Moon musings. - Friday 5-3-2021
Many people ask me why I usually have a compass about my person, and is it because I need it to get home after a heavy session up the pub. Well, there are several reasons, but here is the most obvious.
I saw a photo once of a Tower on a Hill, similar to Glastonbury Tor. Nothing special about that you might say, except this was in silhouette, with a very large full moon passing behind it. This composition is exactly what I have aspired to achieve, but never have.
Much of that is about me, because to get a shot like that, you have to prepare, and prepare heavily.
Location, location, location:
First, the location. I have not come across a suitable location yet, that is within 50 miles of where I live. That’s not to say there isn’t one, but you have to have the filing cabinet open in your brain as you travel around in your day to day business to recognise a scene and think “That might just look OK with a moon behind it”.
It has to be something that will create the foreground interest, even in silhouette. Could be architecture, or a tree, preferably deciduous in winter
Secondly, you have to be able to see it from a mile or a mile and a half away. That’s because you want to zoom in to the moon with the longest focal length at your disposal.
So generally, you need a hilly or a mountainous area, or somewhere that is flat for miles around.
So, you have found your foreground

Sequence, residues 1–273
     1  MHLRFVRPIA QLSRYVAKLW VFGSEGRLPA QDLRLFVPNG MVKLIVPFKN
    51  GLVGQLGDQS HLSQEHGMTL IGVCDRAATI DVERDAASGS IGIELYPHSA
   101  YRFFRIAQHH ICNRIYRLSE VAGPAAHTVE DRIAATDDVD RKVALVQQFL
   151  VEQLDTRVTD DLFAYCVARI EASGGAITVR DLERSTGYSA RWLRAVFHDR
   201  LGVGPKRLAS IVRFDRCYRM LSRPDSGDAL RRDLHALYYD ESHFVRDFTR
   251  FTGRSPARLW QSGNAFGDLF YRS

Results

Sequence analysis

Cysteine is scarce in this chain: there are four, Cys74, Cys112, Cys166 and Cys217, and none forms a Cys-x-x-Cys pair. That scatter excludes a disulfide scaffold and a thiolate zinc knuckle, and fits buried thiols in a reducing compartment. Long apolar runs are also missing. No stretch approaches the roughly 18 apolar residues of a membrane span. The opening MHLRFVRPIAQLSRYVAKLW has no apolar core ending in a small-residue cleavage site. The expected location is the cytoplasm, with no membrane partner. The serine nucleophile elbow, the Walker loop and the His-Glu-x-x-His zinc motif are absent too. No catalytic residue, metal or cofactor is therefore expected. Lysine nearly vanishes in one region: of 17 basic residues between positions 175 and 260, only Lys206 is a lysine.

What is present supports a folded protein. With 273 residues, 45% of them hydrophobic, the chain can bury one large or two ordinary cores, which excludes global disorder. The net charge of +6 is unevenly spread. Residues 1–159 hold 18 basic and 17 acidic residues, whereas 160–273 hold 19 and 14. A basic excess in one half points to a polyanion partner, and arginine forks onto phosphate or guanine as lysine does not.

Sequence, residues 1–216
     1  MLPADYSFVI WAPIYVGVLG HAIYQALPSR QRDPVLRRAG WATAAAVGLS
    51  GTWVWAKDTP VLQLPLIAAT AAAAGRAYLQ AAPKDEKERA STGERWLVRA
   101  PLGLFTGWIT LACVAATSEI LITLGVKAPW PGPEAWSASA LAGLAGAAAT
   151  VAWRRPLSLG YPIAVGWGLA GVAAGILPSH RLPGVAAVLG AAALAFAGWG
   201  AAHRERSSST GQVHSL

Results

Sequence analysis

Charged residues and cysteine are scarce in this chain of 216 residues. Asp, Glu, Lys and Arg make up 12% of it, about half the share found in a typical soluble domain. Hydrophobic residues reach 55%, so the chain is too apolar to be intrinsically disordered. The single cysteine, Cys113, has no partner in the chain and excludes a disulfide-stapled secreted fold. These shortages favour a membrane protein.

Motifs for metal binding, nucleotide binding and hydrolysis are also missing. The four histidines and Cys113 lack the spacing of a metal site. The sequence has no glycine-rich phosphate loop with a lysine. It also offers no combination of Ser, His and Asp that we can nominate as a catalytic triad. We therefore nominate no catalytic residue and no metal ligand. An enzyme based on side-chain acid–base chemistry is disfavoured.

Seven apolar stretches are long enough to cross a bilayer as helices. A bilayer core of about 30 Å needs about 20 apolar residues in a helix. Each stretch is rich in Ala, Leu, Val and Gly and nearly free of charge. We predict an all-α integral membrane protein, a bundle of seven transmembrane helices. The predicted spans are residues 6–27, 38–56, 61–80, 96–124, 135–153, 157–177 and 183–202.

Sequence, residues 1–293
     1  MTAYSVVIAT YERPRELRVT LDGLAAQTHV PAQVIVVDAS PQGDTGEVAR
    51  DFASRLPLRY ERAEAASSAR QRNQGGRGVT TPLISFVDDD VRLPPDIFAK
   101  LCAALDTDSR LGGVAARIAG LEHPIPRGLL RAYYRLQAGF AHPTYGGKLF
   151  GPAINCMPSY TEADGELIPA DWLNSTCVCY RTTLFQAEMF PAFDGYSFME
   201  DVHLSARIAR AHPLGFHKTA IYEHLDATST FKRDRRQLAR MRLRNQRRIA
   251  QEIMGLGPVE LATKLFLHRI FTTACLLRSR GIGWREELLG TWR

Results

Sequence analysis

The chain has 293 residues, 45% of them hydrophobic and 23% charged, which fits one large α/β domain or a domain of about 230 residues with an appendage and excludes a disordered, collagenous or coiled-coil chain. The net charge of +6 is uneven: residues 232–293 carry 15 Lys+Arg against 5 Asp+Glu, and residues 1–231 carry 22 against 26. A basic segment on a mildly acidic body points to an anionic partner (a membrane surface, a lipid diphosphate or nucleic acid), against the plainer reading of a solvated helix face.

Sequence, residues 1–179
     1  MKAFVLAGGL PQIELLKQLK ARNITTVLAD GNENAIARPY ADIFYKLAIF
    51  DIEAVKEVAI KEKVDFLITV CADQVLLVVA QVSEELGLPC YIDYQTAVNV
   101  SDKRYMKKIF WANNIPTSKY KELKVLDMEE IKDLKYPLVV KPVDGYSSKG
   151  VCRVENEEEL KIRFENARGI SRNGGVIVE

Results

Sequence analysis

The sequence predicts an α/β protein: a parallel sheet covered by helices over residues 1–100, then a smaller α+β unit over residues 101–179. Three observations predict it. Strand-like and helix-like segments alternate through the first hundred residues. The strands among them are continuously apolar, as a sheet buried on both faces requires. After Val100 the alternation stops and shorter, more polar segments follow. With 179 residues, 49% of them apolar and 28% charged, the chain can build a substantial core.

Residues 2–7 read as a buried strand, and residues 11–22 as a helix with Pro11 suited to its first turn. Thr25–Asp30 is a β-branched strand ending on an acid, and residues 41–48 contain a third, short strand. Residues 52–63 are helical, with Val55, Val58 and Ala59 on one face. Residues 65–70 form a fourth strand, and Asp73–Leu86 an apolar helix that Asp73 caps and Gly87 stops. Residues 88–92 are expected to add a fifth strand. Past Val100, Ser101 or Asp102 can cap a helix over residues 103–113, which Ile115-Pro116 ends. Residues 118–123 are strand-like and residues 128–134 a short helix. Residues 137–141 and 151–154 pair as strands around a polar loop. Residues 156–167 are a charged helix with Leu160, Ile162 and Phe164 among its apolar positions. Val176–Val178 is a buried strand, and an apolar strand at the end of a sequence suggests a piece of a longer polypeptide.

subject, possibly on a trip to the supermarket, and thought, “that would
look good with the moon behind it”.
Well, now you need a compass, because you need to know where the moon is going to rise (or set), and if you saw it during the day and it was north or south of your viewpoint, you are going to have to find another place to take your photo, as basically your subject needs to be east of your viewpoint for moonrise or west for moonset.
Research and Technology:
You are going to need to know the phases of the moon, the azimuth, how high it will
be at any particular
time, the compass direction of rise and set. Add to this, the time it rises and sets, and
the time of sunrise
and sunset, depending on the type of shot you want. If you want your foreground to
be visible rather than
silhouette, the moon needs to rise at twilight at least.
Then don’t forget the weather forecast. No point getting set up if its pouring with rain, really windy, heavy cloud etc.
Luckily, we have smartphone apps and the internet to provide all this information, so having found the location, and verified that conditions will be perfect for the planned photograph the only remaining aspect is get there and take it.
Preparation and Expedition:
Prepare all your gear and check it is all in order. Spare memory cards and batteries,
remote release (or
timer at a pinch), tripod, flask of tea and a chair. If your not hiking, take everything you
Get there hours early. Give yourself time to set up and relax, check all the gear and settings, find the right spot etc. That’s where the chair and tea come in. Get it all prepared, then sit down and relax waiting for the main event.
A friend once told me “Fail to Prepare, Prepare to Fail”
while after I had my first
draft of this article, I saw somebody had taken the photo I might have taken using the
Tony Howell posted this photo and has kindly allowed me to use it in this article
Tony is a professional
photographer and has a
fantastic portfolio on his website. See the original photo here